Scrolling Headlines:

UMass women’s basketball falls to North Dakota 82-52 -

November 22, 2017

Home-and-home with Quinnipiac up next for UMass hockey -

November 22, 2017

Carl Pierre’s breakout performance helps UMass men’s basketball over Western Carolina -

November 22, 2017

Pipkins’ double-double leads UMass men’s basketball over Western Carolina -

November 21, 2017

Luwane Pipkins leads the UMass men’s basketball shooting show in 101-76 win over Niagara -

November 19, 2017

UMass to face tough test with Niagara backcourt -

November 19, 2017

Hockey Notebook: John Leonard on an early season tear for UMass hockey -

November 18, 2017

Clock runs out on UMass men’s soccer’s dream season in NCAA opener -

November 17, 2017

2017 Basketball Special Issue -

November 16, 2017

UMass men’s basketball prepares for transitional season in 2017-18 -

November 16, 2017

Author Viet Thanh Nguyen discusses how history and humanity is remembered -

November 16, 2017

CMASS completes seven-week discussion series -

November 16, 2017

UMass women’s basketball resets and reloads, looking to improve on last year’s record with plenty of new talent -

November 16, 2017

Matt McCall’s winding path to bring unity to UMass -

November 16, 2017

Carl Pierre is a piece to Matt McCall’s basketball program -

November 16, 2017

Why they stayed: Malik Hines, Chris Baldwin and C.J. Anderson -

November 16, 2017

McConnell chooses politics over morals -

November 16, 2017

Swipe right for love? Probably not. -

November 16, 2017

‘The Florida Project’ is a monument to the other side of paradise -

November 16, 2017

‘Thor: Ragnarok’ doesn’t have to be the best Marvel movie -

November 16, 2017

‘The Emoji Movie’ elicits a solid ‘Meh’

(‘The Emoji Movie’ Official Facebook Page)

“The Emoji Movie” features Gene (T.J Miller,) a multi expressional emoji trying to fit the status quo of possessing one facial expression within Textopolis—a bustling city where all emojis live. When he fails to hide his exuberant emotions, and is exposed as a malfunction amongst the sea of other popular emoji’s, he goes on a journey through Textopolis to return to normal and avoid deletion by Smiler (Maya Rudolph).

Meanwhile, there is also a secondary plot happening outside of Textapolis, following Alex (Jake T. Austin,) and his quest to get classmate Addie (Tati Gabrielle) to go to the dance with him. Unfortunately for Alex, things get murky when Gene can’t correctly expel the intended situational emoji “meh” like he’s supposed to, creating ambiguity and tension between Alex and Addie.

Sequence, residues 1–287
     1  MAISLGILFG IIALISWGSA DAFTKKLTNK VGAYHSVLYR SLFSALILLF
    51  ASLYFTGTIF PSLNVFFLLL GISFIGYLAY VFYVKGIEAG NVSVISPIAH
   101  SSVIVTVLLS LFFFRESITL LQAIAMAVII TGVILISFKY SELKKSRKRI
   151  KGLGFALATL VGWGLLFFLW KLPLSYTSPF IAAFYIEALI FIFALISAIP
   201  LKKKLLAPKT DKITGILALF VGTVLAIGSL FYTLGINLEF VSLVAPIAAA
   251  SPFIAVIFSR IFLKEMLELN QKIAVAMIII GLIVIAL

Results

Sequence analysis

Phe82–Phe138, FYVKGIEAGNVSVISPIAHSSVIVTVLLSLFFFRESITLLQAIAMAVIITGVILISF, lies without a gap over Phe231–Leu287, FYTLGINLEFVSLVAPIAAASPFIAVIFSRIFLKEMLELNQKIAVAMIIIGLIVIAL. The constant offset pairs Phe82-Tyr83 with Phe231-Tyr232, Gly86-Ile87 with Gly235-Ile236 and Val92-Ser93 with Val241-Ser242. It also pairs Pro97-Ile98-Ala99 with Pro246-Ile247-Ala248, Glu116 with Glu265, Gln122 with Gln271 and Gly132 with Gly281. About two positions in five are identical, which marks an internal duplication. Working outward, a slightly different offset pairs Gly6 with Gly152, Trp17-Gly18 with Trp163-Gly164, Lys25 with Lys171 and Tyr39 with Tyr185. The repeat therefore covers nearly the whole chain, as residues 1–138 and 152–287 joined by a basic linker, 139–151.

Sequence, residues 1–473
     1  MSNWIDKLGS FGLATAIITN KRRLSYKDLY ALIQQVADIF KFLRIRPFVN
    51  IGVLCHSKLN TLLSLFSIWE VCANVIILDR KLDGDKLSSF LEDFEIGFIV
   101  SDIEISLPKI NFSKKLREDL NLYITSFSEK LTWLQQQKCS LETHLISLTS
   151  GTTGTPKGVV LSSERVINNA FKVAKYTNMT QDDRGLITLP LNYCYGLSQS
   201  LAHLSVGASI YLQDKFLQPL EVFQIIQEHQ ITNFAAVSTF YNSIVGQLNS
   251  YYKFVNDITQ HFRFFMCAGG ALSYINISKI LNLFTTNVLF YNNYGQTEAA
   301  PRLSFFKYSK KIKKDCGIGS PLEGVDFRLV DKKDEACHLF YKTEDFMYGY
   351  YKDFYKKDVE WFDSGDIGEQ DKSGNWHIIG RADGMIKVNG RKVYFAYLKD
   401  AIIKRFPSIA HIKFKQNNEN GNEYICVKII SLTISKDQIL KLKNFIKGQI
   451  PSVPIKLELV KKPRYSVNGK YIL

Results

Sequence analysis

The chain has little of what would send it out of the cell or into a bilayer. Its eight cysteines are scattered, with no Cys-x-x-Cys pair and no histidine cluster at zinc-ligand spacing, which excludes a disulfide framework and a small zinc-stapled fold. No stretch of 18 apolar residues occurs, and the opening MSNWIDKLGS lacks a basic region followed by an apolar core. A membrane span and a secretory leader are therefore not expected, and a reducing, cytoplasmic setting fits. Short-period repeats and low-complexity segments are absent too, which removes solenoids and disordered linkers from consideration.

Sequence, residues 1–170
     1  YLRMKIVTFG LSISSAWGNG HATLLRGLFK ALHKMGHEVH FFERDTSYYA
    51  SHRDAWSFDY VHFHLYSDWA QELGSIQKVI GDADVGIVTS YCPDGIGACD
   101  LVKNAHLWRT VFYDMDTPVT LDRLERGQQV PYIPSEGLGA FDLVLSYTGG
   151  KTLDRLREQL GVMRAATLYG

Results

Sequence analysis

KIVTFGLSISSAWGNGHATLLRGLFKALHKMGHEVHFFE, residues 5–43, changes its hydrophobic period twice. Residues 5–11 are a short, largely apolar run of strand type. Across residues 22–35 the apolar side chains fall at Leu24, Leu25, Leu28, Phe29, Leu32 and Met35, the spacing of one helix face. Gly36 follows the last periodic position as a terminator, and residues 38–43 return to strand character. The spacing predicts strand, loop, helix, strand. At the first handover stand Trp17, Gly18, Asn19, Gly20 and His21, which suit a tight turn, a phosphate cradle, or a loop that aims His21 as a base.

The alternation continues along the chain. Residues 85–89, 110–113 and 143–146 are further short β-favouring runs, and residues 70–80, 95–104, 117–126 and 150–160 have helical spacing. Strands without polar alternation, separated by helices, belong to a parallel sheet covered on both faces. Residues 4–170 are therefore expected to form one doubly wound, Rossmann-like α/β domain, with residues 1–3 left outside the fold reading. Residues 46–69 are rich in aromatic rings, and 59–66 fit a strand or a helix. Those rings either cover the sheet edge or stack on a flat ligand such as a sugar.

As if two loosely related plots weren’t enough wreckage, there exists a tertiary plot featuring Gene’s parents Mel Meh (Steven Wright) and Mary Meh (Jennifer Coolidge). Their drama  revolves around the developing tension in their marriage as a result of Gene’s malfunction as a traditional emoji.

If the plotline was a stumbling escapade, not much can be said for the film’s character development. The main characters in “The Emoji Movie” felt just as forced as the writing. This was particularly applied to Smiler. Her voice was ear-piercing, so much so that it could have been compared to nails on a chalkboard. And each line delivered in this shrill package was ever the more agonizing.

While there were countless embarrassing writing blunders in the film, there were some instances that deserved  appreciation for the writers efforts in making room within the context of the movie. I was surprisingly/ironically moved when Gene says, “What’s the point of being number one if there are no other numbers?” The writers also managed to work in a “Bye Felicia” and “world’s smallest violin” reference, which landed for me, and could be appreciated by an older crowd.

After all was said and done, the soundtrack was somewhat strong in “The Emoji Movie.” The choices were upbeat, while remaining unwaveringly mainstream, which is something I’m sure was predicted to land with the target audience. The soundtrack  included “Cheerleader” by OMI and “Watch Me (Whip/Nae Nae)” by Silentó.

A random bizarre moment from the film that’s still sitting funny with me was when they reveal that Alex was planning on exposing his love for Addie via e-mail. What happened to emojis being the most important form of communication ever invented? How does that translate to email communication? The scene is inconsistent with that message and it contradicts Gene’s bold statement at the beginning of the film. This said e-mail also contained a verse to Rihanna’s song “Diamonds,” which, as you may have guessed, definitely did not correlate well.

Overall, this movie is just not worth the effort it takes to roll down to your local theater. Simply put: the jokes are dry, the plot is boring and the characters are overbearing. While the soundtrack was solid for its intention and there were some tiny bright spots in an otherwise dark cloud of  writing, this movie was a disaster.

Tyler Movsessian can be reached at tmovsessian@umass.edu.

Leave A Comment